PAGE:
Up to 50,000 residents flee from Bali volcano amid fears
Up to 50,000 people have fled the largest volcano on the Indonesian island of Bali, fearing it will erupt at any moment.
Strong tremors rippled through areas in the eastern part of the one of the world's most popular tourist destinations, packed with Australian families enjoying the school holidays, sparking authorities to order people to leave a 12 kilometre (8 mile) zone around the mountain.
The numbers from disaster officials on Sunday are more than double previous estimates and are continuing to rise, they say.
It includes people who left voluntarily as well as those told to evacuate from the exclusion zone as increasing tremors rattle the region.
Authorities raised the volcano's alert status to the highest level on Friday following a 'tremendous increase' in seismic activity. Its last eruption in 1963 killed 1,100 people.
Luhut Binsar Panjaitan, a senior Cabinet minister, said Sunday that the districts surrounding the volcano 'must be prepared for the worst.'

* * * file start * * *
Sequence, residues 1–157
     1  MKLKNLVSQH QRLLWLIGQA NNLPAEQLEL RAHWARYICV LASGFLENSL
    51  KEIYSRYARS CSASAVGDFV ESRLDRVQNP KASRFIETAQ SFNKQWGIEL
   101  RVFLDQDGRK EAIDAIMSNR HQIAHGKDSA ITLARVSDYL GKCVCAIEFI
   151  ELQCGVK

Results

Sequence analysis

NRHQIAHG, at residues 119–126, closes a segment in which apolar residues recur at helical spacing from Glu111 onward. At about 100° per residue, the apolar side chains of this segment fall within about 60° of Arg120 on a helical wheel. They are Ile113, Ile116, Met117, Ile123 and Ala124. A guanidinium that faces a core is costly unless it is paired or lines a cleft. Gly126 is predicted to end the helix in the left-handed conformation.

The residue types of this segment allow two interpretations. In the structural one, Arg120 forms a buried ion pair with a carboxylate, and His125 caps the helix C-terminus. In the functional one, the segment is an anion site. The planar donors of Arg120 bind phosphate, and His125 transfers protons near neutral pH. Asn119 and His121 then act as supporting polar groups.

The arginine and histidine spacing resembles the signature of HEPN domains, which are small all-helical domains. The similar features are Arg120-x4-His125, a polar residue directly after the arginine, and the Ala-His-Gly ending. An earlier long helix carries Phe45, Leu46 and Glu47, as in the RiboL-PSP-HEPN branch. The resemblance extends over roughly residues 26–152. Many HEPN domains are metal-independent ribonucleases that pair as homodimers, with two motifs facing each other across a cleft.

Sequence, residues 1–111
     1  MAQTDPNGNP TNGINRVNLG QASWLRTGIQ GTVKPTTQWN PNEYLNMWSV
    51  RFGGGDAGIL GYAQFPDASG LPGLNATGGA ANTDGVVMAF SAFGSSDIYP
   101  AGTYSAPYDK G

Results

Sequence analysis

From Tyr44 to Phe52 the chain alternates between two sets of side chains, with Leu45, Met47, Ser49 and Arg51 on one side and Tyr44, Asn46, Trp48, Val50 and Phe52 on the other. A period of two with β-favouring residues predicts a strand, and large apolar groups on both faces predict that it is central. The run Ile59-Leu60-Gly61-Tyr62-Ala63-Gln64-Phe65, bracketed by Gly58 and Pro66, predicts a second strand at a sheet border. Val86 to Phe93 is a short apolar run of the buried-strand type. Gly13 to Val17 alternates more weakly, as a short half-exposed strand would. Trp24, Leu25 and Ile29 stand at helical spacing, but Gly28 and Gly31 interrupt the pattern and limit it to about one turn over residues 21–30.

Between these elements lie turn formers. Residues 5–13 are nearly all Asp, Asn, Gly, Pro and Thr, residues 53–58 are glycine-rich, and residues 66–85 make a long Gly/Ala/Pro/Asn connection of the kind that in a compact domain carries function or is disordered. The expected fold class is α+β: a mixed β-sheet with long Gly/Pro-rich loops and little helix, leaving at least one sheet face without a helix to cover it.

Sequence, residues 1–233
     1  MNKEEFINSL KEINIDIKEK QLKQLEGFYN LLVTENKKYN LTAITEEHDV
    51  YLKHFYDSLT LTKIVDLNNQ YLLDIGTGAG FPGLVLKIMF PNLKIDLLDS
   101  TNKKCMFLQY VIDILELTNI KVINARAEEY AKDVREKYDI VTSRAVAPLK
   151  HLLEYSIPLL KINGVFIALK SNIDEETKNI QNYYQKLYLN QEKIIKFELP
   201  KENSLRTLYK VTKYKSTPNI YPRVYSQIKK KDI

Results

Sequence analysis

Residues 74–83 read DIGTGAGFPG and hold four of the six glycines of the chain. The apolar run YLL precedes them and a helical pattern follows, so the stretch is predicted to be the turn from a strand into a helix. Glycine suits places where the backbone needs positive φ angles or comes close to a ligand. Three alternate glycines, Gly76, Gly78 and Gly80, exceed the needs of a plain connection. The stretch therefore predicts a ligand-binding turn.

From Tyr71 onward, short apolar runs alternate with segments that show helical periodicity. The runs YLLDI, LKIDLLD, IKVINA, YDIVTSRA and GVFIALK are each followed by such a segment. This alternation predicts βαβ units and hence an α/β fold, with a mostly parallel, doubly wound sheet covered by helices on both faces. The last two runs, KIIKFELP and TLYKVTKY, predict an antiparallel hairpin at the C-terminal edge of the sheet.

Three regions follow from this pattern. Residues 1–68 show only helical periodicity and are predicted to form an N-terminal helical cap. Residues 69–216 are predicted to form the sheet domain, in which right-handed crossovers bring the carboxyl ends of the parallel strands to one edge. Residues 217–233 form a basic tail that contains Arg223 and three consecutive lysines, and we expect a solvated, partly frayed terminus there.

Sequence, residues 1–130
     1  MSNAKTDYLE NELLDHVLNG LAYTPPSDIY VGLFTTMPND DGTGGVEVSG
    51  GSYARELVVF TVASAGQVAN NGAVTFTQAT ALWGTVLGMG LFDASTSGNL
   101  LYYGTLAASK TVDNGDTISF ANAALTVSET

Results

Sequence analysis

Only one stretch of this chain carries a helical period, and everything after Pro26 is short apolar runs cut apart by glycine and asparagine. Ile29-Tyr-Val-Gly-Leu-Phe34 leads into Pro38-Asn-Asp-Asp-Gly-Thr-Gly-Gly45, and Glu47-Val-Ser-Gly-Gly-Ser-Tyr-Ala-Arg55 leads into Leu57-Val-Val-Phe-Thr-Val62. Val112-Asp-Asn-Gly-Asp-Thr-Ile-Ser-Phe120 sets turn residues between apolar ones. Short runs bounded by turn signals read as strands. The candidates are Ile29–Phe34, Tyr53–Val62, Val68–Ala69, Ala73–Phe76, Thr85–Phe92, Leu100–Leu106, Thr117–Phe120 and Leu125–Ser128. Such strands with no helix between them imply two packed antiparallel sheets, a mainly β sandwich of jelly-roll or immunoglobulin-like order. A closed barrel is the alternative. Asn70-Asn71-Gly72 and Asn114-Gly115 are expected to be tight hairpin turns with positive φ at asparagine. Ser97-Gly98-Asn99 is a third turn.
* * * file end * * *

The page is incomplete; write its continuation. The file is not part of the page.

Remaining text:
The National Disaster Mitigation Agency has praised the welcoming response of local communities on Bali to the flood of evacuees.
The agency has sent food and logistical supplies to the area, while also calling for public donations.
Thousands are living in temporary shelters, sport centers, village halls and with relatives or friends. Some return to the danger zone during the day to tend to livestock.
National Disaster Mitigation Agency spokesman Sutopo Purwo Nugroho said 14 tons of aid has been sent, including tents, blankets, mattresses and portable communications equipment.
Truck driver Wayan Suparta said he and his family left their village 5 kilometres (3 miles) from the mountain several days ago, bringing just clothes and blankets to a temporary camp in Rendang.
The 35-year-old said he sold the family's cow because they don't know when they'll be able to return.
Officials have said there is no current danger to people in other parts of Bali, a popular tourist island famous for its surfing, beaches and elegant Hindu culture.
Hoaxes have proliferated online, with videos of previous eruptions in Indonesia circulated as current events at Mount Agung.
Officials urged the public to remain calm amid false reports and videos circulating online of an eruption.